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16 October

In the headlines

A million Palestinians are believed to have fled southwards from northern Gaza ahead of an anticipated offensive by Israeli forces. Both Israel and Hamas have denied reports of a ceasefire to allow humanitarian aid in from Egypt, where the Rafah border crossing remains closed. Poland’s right-wing Law and Justice party is on course to be ousted after eight years in power. The populist ruling party won the most seats, but the centrist Civic Coalition, led by former prime minister and European Council president Donald Tusk, has a better chance of forming a coalition. A group of sumo wrestlers flying to a sports festival had to be transferred to a different plane because they weighed too much to take off. Japan Airlines laid on an emergency extra flight to spread the load of the 27 sumo rikishi, who weigh an average of nearly 19 stone.


This Friday more than 100 old Tube posters will go on display at the London Transport Museum, including an iconic space-themed graphic by the surrealist Man Ray. The visionary behind the advertising campaign, Frank Pick, took charge of publicity for the Underground in 1908 and revolutionised poster ads, which had previously been text-based. Pick commissioned eye-catching work by futurists, cubists, dadaists and more, pushing the message that the theatre, the zoo and the countryside were all within easy reach.

Inside politics

Steve Reed, the shadow environment secretary, is obsessed with making the perfect roast potatoes, says The Sunday Telegraph. He once took a whole week off work to determine the perfect spud, cooking two different varieties each day, and apparently one way to gee him up for a big interview is to whisper in his ear: “Your roast potatoes are shit.” His recipe: boil Maris Pipers for 14 minutes in salted water, then roast for 50 minutes at 190C, “turning them exactly twice”.

Love etc

Jada Pinkett Smith made headlines last week with the revelation that she had been separated from her husband Will Smith since 2016. Almost as “jaw-dropping”, says Hadley Freedman in The Sunday Times, is that the couple’s children, Jaden and Willow, slept in their bed until they were six and four. What effect did that have on their sex life? “We had a love nest in our closet,” the 52-year-old actress explains. “This beautiful blue dome with twinkle lights in the ceiling with a circular mattress bed. We built that house, so I created that nest knowing [we’d need it], and we would sneak into the love nest at night-time. So trust me, I had that handled.”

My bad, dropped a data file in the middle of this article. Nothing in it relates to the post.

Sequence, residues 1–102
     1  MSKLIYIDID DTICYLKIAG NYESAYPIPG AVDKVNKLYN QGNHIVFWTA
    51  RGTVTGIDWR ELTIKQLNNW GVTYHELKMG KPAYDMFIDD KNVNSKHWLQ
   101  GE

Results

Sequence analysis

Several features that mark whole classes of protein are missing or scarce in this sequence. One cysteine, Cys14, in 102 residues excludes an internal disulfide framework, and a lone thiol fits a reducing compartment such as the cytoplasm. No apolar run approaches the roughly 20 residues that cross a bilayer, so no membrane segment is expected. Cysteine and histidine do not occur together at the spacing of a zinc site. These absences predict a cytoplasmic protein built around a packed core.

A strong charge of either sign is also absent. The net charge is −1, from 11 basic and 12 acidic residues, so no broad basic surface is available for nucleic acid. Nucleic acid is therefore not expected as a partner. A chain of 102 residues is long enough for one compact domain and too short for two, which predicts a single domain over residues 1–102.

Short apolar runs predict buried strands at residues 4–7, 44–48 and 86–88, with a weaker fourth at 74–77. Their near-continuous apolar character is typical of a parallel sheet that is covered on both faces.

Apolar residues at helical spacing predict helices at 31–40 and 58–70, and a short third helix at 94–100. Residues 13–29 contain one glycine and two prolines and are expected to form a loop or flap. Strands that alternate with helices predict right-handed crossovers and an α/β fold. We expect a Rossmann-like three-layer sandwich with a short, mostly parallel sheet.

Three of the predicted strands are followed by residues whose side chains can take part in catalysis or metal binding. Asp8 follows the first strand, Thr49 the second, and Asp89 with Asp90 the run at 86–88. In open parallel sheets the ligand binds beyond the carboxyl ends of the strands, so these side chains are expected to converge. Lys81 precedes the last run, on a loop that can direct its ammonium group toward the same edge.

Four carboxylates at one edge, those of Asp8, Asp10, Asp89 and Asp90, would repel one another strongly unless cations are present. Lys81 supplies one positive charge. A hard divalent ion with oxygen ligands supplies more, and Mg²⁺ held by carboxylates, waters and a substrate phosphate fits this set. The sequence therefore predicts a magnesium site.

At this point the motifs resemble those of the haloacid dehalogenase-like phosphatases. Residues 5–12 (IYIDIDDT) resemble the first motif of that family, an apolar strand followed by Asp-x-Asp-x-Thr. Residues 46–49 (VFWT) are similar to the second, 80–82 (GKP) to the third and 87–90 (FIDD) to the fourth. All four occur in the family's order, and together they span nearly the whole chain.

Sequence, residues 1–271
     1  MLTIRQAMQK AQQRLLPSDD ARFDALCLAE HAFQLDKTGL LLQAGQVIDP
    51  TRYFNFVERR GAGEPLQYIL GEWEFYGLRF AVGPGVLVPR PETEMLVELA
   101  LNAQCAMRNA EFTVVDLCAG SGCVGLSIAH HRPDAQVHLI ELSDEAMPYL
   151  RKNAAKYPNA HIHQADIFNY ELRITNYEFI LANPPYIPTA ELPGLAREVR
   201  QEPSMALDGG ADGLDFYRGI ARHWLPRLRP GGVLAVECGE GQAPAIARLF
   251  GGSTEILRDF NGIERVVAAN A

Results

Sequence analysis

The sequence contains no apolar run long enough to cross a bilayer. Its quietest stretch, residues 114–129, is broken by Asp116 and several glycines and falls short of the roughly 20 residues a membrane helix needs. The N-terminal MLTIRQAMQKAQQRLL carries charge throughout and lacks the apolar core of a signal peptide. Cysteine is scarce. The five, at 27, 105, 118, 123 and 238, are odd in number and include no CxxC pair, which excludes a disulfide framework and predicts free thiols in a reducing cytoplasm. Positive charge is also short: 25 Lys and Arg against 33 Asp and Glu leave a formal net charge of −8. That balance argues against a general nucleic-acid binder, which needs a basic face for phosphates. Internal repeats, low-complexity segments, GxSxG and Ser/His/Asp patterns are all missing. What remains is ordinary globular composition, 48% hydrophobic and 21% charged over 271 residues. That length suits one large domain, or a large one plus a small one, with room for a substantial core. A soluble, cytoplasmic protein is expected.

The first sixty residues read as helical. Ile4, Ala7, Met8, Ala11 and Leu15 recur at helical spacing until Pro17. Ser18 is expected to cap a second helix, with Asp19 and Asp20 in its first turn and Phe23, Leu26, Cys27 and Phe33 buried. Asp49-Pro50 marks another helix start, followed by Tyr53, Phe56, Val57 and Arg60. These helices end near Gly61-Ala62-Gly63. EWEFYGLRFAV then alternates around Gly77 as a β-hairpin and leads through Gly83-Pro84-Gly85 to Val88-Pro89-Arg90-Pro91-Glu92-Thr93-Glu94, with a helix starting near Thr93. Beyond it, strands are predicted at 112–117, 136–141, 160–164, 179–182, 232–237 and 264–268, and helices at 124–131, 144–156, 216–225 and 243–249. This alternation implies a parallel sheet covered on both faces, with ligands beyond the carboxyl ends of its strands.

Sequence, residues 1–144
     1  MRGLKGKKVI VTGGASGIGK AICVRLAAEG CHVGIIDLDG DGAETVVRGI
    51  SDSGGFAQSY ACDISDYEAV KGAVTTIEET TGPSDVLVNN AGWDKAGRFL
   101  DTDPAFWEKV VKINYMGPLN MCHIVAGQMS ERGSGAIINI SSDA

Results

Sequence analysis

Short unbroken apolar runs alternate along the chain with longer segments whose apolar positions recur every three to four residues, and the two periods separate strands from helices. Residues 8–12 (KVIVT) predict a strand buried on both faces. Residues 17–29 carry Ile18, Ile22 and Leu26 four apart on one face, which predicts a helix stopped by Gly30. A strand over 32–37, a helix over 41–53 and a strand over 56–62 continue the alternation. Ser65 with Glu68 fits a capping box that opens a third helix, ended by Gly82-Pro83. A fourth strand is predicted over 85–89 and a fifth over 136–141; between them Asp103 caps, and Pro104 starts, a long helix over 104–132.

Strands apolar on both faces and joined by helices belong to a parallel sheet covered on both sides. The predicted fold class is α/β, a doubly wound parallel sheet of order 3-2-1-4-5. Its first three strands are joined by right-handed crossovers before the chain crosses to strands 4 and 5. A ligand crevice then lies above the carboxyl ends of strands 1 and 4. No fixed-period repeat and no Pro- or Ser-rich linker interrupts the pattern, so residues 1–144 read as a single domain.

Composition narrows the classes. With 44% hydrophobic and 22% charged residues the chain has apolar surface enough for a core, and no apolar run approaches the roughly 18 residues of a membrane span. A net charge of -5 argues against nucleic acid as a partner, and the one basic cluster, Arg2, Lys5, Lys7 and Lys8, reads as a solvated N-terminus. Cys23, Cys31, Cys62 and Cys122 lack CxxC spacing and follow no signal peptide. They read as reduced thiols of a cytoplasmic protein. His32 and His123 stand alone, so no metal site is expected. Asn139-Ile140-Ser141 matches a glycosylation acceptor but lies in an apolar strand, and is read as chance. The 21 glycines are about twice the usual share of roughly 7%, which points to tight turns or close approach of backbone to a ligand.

The only British overseas territory without the Union Jack on its flag is Gibraltar. Instead, says International Intrigue, it has a red castle to reflect the outpost’s “legendary fortifications”, and a dangling key to symbolise its strategic significance as the British “key to the Mediterranean” and the Moorish “key to Spain”.


To the Church Times:

Patrick Kidd of The Times is quoted congratulating “the third Bishop Bishop”, later referring to the former Lord Chief Justice, Judge Judge. Many years ago, a friend told me of having had a parish priest whose surname was Fathers. In church, one Sunday morning, an elderly stranger, also a priest, had introduced himself to the congregation as “Fr Fathers, Fr Fathers’s Father”.

Allan Wilcox, Gwynedd


It’s an annular solar eclipse, a rare display in which the moon passes directly between Earth and the sun, which was visible along a narrow strip of the US on Saturday. Nasa livestreamed the event from Albuquerque, New Mexico where organisers handed out 80,000 pairs of tinted safety specs. “We’re in annularity,” declared space agency sun boffin Michael Kirk, referring to the moment when the moon is fully in front of the sun, creating the fleeting ring of fire seen above. “It is a gorgeous sight to behold.”



“Beware of all enterprises that require new clothes.”

American essayist Henry David Thoreau